Warren Buffett’s Berkshire Hathaway Inc. said third-quarter profit dropped 8.6 percent on investments.
Net income fell to $4.62 billion, or $2,811 a share, from $5.05 billion, or $3,074, a year earlier, the Omaha, Nebraska-based company said in a statement. Operating earnings, which exclude some investment results, were $2,876 a share, beating the $2,593 average estimate of three analysts surveyed by Bloomberg.
Last year’s results benefited from gains on derivatives and Buffett’s financial crisis-era investments in Goldman Sachs Group Inc., General Electric Co. and Wm. Wrigley Jr. Co. The Berkshire chairman and chief executive officer advises investors to look beyond such one-time benefits.
Investment gains and losses “bounce around,” Meyer Shields, an analyst at Keefe Bruyette & Woods, said in a phone interview before results were announced. “Buffett very accurately tells people, ‘Who cares?’”
Berkshire derives most of its income from dozens of operating subsidiaries like auto insurer Geico, railroad BNSF, energy utilities and a range of manufacturing and retail operations. Those businesses have benefited in recent quarters from a rebound in the U.S. economy.
Gross domestic product expanded at a 3.5 percent annualized rate in the third quarter after a 4.6 percent gain in the three months ended June 30, Commerce Department figures showed last month. That was the strongest back-to-back reading since 2003.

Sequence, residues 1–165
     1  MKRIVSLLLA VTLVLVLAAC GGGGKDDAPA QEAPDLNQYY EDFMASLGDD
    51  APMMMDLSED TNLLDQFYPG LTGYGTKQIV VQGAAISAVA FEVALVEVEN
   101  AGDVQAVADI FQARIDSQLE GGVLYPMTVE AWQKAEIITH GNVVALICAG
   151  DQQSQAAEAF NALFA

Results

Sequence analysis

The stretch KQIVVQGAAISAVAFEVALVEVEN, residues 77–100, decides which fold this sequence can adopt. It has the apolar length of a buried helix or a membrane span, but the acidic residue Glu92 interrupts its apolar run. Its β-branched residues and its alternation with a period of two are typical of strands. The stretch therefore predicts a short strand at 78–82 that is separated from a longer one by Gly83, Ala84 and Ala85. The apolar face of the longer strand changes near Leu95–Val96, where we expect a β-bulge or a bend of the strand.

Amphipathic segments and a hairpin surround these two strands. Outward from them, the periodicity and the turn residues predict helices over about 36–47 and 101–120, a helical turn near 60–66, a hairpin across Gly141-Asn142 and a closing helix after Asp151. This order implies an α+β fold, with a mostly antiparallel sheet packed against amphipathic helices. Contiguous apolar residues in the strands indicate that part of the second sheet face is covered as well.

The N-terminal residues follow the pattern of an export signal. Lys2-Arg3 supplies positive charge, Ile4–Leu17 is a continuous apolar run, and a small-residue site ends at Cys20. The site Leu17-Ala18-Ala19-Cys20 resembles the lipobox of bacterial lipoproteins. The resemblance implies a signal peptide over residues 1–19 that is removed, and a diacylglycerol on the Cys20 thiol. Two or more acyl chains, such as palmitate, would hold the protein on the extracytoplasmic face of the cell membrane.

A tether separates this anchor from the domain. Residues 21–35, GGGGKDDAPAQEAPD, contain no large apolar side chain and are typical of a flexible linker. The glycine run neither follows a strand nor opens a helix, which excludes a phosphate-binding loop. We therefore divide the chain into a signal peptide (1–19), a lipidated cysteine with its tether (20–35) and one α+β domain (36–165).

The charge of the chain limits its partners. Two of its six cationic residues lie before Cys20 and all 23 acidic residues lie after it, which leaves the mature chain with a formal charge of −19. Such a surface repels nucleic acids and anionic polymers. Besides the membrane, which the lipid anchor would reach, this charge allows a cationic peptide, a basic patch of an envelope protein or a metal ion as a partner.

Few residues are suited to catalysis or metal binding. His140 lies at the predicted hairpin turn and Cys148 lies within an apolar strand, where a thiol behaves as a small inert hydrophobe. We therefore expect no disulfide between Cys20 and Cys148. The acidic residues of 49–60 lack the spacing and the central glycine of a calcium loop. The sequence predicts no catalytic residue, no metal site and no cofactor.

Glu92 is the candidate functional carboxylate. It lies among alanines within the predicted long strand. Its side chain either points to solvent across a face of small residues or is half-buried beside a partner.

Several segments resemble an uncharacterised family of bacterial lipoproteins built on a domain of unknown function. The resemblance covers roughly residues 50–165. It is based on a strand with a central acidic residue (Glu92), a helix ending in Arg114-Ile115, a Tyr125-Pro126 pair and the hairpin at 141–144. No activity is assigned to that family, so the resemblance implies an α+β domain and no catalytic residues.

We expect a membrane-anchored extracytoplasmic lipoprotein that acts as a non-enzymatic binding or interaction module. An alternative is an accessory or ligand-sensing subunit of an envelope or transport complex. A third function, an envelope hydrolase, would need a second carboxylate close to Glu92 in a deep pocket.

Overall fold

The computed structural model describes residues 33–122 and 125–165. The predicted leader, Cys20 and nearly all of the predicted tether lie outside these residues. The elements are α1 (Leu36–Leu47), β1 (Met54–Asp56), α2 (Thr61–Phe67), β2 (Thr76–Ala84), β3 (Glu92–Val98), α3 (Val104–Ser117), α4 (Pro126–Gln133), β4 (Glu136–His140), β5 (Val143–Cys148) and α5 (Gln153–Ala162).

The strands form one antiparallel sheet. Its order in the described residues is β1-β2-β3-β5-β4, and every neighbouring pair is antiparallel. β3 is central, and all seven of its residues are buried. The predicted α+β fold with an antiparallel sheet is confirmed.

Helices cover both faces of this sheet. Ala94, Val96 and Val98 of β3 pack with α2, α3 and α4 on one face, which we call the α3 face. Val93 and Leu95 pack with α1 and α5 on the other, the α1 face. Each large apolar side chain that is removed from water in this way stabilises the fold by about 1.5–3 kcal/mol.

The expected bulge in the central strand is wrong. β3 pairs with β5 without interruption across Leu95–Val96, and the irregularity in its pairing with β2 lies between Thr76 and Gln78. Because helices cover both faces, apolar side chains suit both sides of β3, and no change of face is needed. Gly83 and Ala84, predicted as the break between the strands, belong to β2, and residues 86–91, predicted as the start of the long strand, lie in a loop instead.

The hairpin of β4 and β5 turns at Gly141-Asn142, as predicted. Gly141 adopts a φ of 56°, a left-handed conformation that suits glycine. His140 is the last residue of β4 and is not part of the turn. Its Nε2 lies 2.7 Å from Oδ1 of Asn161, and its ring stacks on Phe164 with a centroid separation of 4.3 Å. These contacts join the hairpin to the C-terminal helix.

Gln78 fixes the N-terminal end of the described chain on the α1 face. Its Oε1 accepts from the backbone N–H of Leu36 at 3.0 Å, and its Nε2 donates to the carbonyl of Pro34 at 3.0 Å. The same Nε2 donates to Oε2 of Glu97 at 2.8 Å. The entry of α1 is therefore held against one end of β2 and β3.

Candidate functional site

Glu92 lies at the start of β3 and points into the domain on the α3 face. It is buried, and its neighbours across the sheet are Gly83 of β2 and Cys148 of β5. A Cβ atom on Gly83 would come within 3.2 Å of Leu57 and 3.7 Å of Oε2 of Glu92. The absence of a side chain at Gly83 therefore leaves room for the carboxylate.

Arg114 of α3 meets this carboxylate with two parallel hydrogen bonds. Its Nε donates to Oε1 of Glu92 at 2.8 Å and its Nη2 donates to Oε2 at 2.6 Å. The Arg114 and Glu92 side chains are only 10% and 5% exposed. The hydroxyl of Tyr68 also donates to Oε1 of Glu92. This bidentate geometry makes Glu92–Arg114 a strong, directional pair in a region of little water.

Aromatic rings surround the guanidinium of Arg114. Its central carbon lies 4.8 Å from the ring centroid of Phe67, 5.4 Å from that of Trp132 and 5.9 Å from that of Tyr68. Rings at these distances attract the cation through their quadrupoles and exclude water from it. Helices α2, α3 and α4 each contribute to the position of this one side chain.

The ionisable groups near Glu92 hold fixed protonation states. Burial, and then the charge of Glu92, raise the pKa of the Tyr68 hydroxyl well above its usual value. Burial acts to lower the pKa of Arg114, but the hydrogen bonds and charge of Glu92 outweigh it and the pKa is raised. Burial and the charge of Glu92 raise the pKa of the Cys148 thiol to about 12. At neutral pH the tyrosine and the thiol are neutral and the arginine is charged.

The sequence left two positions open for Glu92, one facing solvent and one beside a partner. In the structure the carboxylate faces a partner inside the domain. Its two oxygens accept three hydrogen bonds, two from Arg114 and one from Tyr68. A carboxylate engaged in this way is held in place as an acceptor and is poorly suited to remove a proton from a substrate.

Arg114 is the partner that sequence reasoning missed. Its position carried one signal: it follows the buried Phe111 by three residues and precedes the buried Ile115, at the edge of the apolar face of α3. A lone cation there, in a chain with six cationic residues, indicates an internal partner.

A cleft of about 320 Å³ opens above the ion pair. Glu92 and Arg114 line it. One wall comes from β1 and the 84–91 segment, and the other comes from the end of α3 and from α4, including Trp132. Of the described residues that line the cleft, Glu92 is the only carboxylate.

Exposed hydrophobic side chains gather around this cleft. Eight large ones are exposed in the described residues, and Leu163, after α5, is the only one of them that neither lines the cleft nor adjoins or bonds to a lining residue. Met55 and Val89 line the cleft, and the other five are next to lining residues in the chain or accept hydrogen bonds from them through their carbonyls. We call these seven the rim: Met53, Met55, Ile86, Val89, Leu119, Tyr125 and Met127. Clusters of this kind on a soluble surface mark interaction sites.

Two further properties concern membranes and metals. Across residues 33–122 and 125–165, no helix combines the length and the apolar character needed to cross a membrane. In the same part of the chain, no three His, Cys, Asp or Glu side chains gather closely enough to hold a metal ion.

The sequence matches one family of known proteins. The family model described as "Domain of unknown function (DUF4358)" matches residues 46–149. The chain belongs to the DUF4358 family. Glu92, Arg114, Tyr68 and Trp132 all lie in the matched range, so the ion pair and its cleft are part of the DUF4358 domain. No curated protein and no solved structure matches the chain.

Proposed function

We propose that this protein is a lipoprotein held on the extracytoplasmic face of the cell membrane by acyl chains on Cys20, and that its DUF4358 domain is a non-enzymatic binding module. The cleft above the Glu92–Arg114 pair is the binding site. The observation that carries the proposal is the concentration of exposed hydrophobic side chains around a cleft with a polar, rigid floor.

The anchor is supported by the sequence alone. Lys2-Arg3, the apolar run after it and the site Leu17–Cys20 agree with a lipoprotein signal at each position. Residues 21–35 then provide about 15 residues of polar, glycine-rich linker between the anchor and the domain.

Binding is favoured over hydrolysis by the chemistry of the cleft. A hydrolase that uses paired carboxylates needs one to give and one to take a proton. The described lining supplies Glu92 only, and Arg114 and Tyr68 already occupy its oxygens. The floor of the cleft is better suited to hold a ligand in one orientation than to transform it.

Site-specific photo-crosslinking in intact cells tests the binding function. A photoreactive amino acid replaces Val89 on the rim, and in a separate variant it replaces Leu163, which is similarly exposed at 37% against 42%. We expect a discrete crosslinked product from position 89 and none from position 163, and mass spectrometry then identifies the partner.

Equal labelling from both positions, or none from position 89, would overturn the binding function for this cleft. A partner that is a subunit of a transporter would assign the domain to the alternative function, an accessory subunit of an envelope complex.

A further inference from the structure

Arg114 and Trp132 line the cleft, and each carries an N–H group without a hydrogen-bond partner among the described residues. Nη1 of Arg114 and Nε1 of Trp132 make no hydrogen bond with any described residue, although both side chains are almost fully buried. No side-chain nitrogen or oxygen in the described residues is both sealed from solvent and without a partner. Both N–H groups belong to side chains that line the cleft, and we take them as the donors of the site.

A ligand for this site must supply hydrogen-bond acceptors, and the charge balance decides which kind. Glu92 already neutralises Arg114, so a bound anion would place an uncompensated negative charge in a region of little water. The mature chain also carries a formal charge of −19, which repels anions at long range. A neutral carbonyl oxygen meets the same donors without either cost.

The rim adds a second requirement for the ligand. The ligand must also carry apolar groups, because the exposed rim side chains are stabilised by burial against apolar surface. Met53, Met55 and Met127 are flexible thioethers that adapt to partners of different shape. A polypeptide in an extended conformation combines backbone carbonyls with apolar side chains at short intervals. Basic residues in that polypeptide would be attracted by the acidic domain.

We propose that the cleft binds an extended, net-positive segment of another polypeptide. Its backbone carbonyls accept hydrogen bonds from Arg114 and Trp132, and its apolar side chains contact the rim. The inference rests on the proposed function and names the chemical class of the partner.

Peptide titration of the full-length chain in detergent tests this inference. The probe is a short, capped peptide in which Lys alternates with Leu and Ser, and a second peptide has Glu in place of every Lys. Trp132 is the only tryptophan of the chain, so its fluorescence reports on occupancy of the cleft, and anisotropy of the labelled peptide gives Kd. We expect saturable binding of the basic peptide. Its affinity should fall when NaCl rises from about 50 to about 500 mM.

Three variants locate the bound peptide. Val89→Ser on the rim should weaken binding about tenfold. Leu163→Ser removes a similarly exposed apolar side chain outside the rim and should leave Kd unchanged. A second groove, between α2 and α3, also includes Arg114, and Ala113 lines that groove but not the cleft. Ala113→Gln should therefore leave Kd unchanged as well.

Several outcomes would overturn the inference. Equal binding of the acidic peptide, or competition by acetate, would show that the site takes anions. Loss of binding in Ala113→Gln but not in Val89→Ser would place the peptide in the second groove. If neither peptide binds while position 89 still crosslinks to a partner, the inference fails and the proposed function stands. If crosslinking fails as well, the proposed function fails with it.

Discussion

Buffett often highlights the prospects for operations in the U.S. during media appearances and in his annual letter to Berkshire shareholders. Most of the businesses at Berkshire are based in the country and he continues to buy more. Last month, he agreed to purchase Van Tuyl Group, a network of car dealerships that he plans to expand through acquisitions.
He’s also looked to Canada. Berkshire’s utility struck a deal in May to buy an electric-transmission business in Alberta. Then, in August, Buffett disclosed that he was providing $3 billion in financing for Burger King Worldwide Inc.’s proposed takeover of Oakville, Ontario-based doughnut chain Tim Hortons Inc.
Climbing earnings at Berkshire’s operating units have helped push the company’s market value past $300 billion this year for the first time, making it the fifth-largest publicly traded business in the world. Class A shares have surged 21 percent this year in New York to $214,970, double the gain for the Standard & Poor’s 500 Index.
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